First on the scene

First on the scene

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Jeffrey Dever earns Rowan’s first Disaster Preparedness & Emergency Management degree

Jeffrey Dever is used to being among the first on the scene to help someone in need.

So it makes perfect sense that Dever, who works 40 hours a week as an Emergency Medical Technician (EMT) throughout South Jersey, is the first student to graduate with a bachelor’s degree in Disaster Preparedness & Emergency Management at Rowan University.

He’s proud to be the program’s initial graduate, but Dever is more interested in how he can use his degree to be of service to others.

After all, public service is his birthright.

“My dad is a police officer. My grandfather was a police officer and a volunteer firefighter. My grandmother was a nurse. My mom is a teacher. So I did grow up with some kind of public service in mind,” says Dever, 22, who accepted his degree--and another bachelor of arts degree in history--during the combined Commencement ceremony for the College of Humanities & Social Sciences and the School of Earth & Environment on Tuesday, May 9.

At age 16, Dever joined the firefighter cadet program with the Moorestown Fire Department. He completed fire school during his senior year at Moorestown High School and became a volunteer firefighter.

Spirit of camaraderie

First and foremost, Dever loved the camaraderie of the fire company—of serving his community alongside like-minded volunteers who gave of themselves to assist others in a time of need.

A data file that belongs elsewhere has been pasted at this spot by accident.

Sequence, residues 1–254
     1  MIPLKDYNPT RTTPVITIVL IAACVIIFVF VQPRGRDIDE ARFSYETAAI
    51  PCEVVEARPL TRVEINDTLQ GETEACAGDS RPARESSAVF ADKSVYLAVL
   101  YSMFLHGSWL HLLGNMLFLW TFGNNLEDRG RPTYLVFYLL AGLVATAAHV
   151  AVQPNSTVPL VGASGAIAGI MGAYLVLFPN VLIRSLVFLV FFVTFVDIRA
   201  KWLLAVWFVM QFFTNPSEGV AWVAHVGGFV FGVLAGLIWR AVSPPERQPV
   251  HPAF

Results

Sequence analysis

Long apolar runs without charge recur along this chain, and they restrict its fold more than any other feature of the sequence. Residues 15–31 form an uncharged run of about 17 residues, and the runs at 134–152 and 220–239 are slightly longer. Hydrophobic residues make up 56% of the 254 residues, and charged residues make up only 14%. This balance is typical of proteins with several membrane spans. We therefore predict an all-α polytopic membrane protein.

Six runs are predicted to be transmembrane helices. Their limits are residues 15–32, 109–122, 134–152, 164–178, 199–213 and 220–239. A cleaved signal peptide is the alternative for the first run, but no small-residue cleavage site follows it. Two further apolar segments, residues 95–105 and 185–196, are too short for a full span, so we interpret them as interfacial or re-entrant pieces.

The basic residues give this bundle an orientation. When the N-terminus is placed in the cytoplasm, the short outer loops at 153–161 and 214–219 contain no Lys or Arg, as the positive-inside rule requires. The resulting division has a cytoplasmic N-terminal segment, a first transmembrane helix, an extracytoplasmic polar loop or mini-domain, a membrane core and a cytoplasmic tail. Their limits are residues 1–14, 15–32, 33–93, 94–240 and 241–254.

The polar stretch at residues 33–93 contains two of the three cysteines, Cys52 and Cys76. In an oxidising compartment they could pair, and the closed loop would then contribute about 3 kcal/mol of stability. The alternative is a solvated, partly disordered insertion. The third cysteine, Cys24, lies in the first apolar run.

“My dad would talk about the guys—about the camaraderie in the police department. That’s what attracted me to public service,” he says.

Dever enrolled at Rowan with the goal of becoming a history teacher. But, early in the program, he realized teaching wasn’t for him. In January of 2016, he grabbed a flier he saw about the new Disaster Preparedness & Emergency Management Program, marched into Sociology Professor DeMond Miller’s office, and told him the major was his calling.

“I told Dr. Miller, ‘This is the right major for me,’” Dever says. “I was looking for more from my Rowan experience. I have all the respect in the world for teachers, but I knew it wasn’t for me.”

Rowan’s Disaster Preparedness & Emergency Management Program, which now enrolls 35 undergraduates, is an interdisciplinary degree program that focuses specifically on educating students in areas such as emergency response and coordination skills, incident command, emergency communication, complex problem solving, critical thinking, and strategic operations.

“The Disaster Preparedness & Emergency Management major was developed in response to a need at the local, state and national level,” says Miller, the program’s director. “It is designed so that students have the skills and academic background, as well as the theory and practice in the area of emergency management.

“Jeff embodies the sacrifice and dedication to serving the community, which is the essence of emergency management,” Miller continues. “He’s the epitome of the type of student who excels in the program.”

The core of emergency management, says Dever, “is knowing what your resources are and knowing who can help you. It’s about putting those connections and resources into a concise plan. I have a lot of friends in this field.”

Speaking the language

More importantly, Dever speaks the language of first responders, according to Len Clark, who retired as deputy emergency management coordinator for Gloucester County and is an adjunct professor in the Disaster Preparedness and Emergency Management Program.

“Jeff can speak a language of multiples,” says Clark, who taught Dever in a number of classes. “Multiple agencies and multiple disciplines have their own language and none of the languages are common. But whether he’s talking to a police officer, EMT or firefighter, he understands what they’re saying. He has that well-rounded background that makes emergency management professionals good at their craft.”